Wednesday, 3 April 2013


Good Morning to you,

It seems such a long time ago, since I said goodbye to you and packed for my holiday to India. But the time has passed by and I am back home in England, trying to get used to the cold and settling down  to life again.

We had a wonderful trip to India and have taken so many photos that I hope you don't end up yawning at them all. I promise I will not overload you, but each Wednesday, I will share photos and items of interest, which I know, you will enjoy reading about.

When we left Newcastle, it was snowing heavily, but when we arrived in Chennai, 36 hours later, we were greeted by a warm, balmy evening. We walked through Arrivals to find a sea of happy faces waiting for their loved one's to arrive,  but in no time at all we found our lovely daughter's smiling face and we gave her such a huge hug.

It was a 40 minute drive to Natasha's home and although it was 9 o'clock in the evening the streets were buzzing with people. It was such a contrast to where I live, as at 9 o'clock I might hear the odd car pass by, but other than that, it is very quiet.

When we arrived at Natasha's, look what we found.

A beautiful Kolam, which had been drawn at the entrance of the house, to welcome us to  Natasha's home. I was unable to take a photo when we arrived as it was dark, but took this the following morning. It was such a shame that a gust of wind had merged some of the colours, but not enough to spoil the design.

This kolam was drawn for Natasha and her husband to wish them wealth and prosperity for 2013.

Wasanti is the name of the talented lady, who drew these designs. Wasanti said she had learnt this skill from her mother and her mother learnt it from her mother, Wasanti's grandmother, and so the skill was passed on from mother to daughter.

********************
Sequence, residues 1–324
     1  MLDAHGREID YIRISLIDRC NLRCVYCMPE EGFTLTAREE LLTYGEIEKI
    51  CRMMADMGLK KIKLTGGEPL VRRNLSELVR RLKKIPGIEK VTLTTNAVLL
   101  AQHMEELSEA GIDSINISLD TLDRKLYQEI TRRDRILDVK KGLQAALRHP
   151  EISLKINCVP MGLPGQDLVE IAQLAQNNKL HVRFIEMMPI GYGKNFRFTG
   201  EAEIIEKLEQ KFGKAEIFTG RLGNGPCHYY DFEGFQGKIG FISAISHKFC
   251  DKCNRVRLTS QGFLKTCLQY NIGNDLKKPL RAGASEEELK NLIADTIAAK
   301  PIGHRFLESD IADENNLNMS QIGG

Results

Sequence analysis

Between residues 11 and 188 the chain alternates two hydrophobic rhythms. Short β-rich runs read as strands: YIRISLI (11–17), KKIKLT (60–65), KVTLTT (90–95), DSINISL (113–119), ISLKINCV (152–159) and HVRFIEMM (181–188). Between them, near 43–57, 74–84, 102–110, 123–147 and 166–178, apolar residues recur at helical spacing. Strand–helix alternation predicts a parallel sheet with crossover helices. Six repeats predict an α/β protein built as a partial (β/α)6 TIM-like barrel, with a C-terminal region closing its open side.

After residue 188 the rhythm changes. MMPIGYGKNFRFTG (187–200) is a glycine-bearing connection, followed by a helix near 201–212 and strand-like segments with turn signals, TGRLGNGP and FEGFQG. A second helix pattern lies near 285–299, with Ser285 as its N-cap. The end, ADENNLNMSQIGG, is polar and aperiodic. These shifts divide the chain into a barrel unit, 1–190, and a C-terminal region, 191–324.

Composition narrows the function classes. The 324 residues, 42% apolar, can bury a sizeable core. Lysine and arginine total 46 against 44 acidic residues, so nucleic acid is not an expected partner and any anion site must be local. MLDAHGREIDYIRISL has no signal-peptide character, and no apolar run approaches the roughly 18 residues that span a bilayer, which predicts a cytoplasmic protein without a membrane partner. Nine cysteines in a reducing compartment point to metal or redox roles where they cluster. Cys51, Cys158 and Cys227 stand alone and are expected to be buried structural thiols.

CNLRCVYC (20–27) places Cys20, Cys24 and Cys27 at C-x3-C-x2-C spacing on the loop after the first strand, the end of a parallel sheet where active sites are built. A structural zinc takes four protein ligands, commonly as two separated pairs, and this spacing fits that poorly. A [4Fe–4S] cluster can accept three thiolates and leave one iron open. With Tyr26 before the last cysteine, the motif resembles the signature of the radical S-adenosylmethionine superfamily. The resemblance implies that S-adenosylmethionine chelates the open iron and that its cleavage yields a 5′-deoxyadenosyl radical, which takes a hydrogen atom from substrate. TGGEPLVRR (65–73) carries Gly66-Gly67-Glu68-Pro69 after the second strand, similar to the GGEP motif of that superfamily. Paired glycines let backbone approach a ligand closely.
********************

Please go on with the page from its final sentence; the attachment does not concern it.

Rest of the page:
A kolam is a traditional floor drawing which is found in Southern India, in this case Chennai, formerly known as Madras.

It is believed that the drawing of a kolam will purify the entrance to a home or building and will encourage the Goddess of  Wealth, Laxmi, to enter the house, thus giving the householders, wealth and prosperity.

The kolams are drawn using white rice flour, which is free flowing to allow the outline of the design to be created. When the design has been drawn, colours are added to more rice flour, which is then mixed with salt to create a firmer texture.   

This photo shows Wasanti working on a new kolam. Can you see the dots? This is how the design begins it's life.  She makes a series of dots which she then joins together with the white rice flour to form the design.

Wasanti has added the blue dyed rice flour and now, adds the green rice flour. It is such painstaking work. Do you see the pair of feet behind Wasanti?  Well those belong to Gajundren, Wasanti's husband.

Wasanti has finished adding the blue rice flour and  carefully she adds green.

As she finishes one section of green, she moves onto another.

.....and another.

This kolam had no colour added and is just as lovely. Each time I look at these designs I think they would look lovely as an embroidered piece of work.

It is hard to believe that these designs have not been drawn with chalk as a guide, before  sprinkling rice flour.....but believe me they have not.

......and quite sad to think, that after all the hard work, the kolam can be blown away by a gust of wind.

As much as I love the vibrant colours, which you get used to seeing in India, there is also a place in my heart for this lovely pastel coloured kolam.

This kolam has not been coloured, but a dish of flower heads, floating in water, has been placed in the middle of the design to add a splash of colour.

This is the book which Wasanti uses to draw her designs. If you look closely you will see how the dots are drawn and then joined together. 

Charan,Wasanti's young son has decided to add his special drawing to the left hand side of the page. 

.....and here is the lovely lady Wasanti, with her husband Gajundren and their little boy, Charan. Just like any three year old, there is always something more interesting to look at.

I have loved sharing these photos with you.  To know, that like me, you will enjoy and appreciate seeing such an unusual artistic form. I have known many skilled women in my life, but I have to say, I think Wasanti is up there with the best of them.  What do you think?

It is also a reminder to me of the skills which Ivy and Phyllis passed down to me and which I have, as a mother, passed on to Natasha and Danielle.

I wonder, at this moment, are you thinking about the skills your grandmother and mother passed down to you?

This week I will be joining, 

Take care and I will see you later in the week.

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